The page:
Do you know what the lock icon on your web browser means? If not, you’re far from alone. Google now plans to instead of A lock next to the address in Chrome with a variation of the “tune” icon you see below. Simply put, most people don’t understand it. According to Google’s research, only 11 percent of users realize that it refers to HTTPS encryption. Many people think the site is trustworthy – a problem when even phishing sites use the technology.
The tune icon doesn’t indicate authenticity, Google says. Instead, it signals that security is the default state. It also invites a click so that you use site controls. According to the company, many people don’t realize they can click the lock.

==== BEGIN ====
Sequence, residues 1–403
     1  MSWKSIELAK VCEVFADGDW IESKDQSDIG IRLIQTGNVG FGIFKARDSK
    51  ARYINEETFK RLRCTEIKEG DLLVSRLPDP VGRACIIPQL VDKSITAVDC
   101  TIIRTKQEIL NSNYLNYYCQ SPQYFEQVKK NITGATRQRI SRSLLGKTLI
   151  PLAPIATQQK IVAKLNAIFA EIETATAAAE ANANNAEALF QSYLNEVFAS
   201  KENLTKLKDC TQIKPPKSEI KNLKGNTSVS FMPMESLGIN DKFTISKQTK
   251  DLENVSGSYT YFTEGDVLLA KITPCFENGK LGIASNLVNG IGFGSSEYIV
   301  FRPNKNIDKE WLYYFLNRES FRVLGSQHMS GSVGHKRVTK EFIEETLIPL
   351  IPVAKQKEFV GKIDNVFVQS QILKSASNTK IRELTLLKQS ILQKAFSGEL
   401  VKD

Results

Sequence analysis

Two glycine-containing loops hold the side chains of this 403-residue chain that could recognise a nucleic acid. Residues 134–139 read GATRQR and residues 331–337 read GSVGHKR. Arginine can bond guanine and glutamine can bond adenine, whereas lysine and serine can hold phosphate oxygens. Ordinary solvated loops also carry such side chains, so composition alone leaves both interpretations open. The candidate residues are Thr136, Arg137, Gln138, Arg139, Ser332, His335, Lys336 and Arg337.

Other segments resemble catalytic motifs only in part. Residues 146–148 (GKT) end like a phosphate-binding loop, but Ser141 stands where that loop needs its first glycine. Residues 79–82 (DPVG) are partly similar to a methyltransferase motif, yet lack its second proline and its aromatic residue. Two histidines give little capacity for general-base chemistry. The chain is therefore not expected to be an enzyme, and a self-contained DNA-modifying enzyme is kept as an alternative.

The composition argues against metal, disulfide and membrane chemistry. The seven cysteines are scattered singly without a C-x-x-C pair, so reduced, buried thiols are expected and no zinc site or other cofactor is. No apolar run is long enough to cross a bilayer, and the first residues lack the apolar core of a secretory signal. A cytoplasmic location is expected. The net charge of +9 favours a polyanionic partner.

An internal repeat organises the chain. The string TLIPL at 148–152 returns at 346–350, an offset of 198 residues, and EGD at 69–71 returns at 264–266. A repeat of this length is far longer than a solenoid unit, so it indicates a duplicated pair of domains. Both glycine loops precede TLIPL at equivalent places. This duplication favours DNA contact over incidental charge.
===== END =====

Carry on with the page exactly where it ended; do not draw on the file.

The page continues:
Most users will see the replacement icon in Chrome 117 on Android and desktop, which is scheduled to arrive in September. Since you can’t tap the icon in Chrome for iOS, Google pulls the icon entirely onto Apple’s mobile sites. If you can’t wait, turn on the Chrome Refresh 2023 flag and you can now see the icon in Chrome Canary.
In some respects, change has been slow. Google normalized HTTPS web connections in Chrome 90 two years ago, and came a few months after Mozilla made a similar change in Firefox. The company adds that more than 95 percent of page loads in Chrome for Windows use HTTPS. Like the floppy disk icon sometimes used to represent file storage, the lock is a relic of another era.
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